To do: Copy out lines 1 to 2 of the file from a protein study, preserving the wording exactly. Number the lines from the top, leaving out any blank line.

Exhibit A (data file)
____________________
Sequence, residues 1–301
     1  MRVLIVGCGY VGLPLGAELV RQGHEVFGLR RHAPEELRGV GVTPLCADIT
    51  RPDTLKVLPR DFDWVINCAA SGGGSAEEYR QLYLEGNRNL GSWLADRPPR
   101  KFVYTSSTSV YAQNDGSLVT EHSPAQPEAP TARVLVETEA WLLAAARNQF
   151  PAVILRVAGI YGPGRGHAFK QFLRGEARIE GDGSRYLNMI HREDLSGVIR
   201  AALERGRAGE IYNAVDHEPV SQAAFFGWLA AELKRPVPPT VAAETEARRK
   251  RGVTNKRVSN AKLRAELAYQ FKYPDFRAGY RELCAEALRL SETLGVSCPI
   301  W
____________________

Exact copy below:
Sequence, residues 1–301
     1  MRVLIVGCGY VGLPLGAELV RQGHEVFGLR RHAPEELRGV GVTPLCADIT